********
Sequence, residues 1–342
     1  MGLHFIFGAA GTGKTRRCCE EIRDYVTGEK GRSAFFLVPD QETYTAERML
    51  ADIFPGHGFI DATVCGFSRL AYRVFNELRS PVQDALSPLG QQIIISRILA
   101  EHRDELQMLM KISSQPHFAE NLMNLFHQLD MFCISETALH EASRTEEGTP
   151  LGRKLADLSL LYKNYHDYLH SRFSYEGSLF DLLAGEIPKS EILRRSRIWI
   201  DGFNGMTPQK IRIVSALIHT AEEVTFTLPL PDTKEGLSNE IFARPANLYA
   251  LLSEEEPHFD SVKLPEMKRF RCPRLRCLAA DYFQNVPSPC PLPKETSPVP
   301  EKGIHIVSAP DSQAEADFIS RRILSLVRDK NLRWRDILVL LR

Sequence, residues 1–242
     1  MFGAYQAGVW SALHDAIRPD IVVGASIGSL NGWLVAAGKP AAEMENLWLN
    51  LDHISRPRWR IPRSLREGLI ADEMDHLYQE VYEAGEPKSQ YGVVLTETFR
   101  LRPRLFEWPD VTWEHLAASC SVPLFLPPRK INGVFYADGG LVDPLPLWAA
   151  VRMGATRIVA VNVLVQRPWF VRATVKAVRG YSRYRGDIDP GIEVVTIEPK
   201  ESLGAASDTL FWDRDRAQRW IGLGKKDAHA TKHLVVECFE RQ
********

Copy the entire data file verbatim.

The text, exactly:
Sequence, residues 1–342
     1  MGLHFIFGAA GTGKTRRCCE EIRDYVTGEK GRSAFFLVPD QETYTAERML
    51  ADIFPGHGFI DATVCGFSRL AYRVFNELRS PVQDALSPLG QQIIISRILA
   101  EHRDELQMLM KISSQPHFAE NLMNLFHQLD MFCISETALH EASRTEEGTP
   151  LGRKLADLSL LYKNYHDYLH SRFSYEGSLF DLLAGEIPKS EILRRSRIWI
   201  DGFNGMTPQK IRIVSALIHT AEEVTFTLPL PDTKEGLSNE IFARPANLYA
   251  LLSEEEPHFD SVKLPEMKRF RCPRLRCLAA DYFQNVPSPC PLPKETSPVP
   301  EKGIHIVSAP DSQAEADFIS RRILSLVRDK NLRWRDILVL LR

Sequence, residues 1–242
     1  MFGAYQAGVW SALHDAIRPD IVVGASIGSL NGWLVAAGKP AAEMENLWLN
    51  LDHISRPRWR IPRSLREGLI ADEMDHLYQE VYEAGEPKSQ YGVVLTETFR
   101  LRPRLFEWPD VTWEHLAASC SVPLFLPPRK INGVFYADGG LVDPLPLWAA
   151  VRMGATRIVA VNVLVQRPWF VRATVKAVRG YSRYRGDIDP GIEVVTIEPK
   201  ESLGAASDTL FWDRDRAQRW IGLGKKDAHA TKHLVVECFE RQ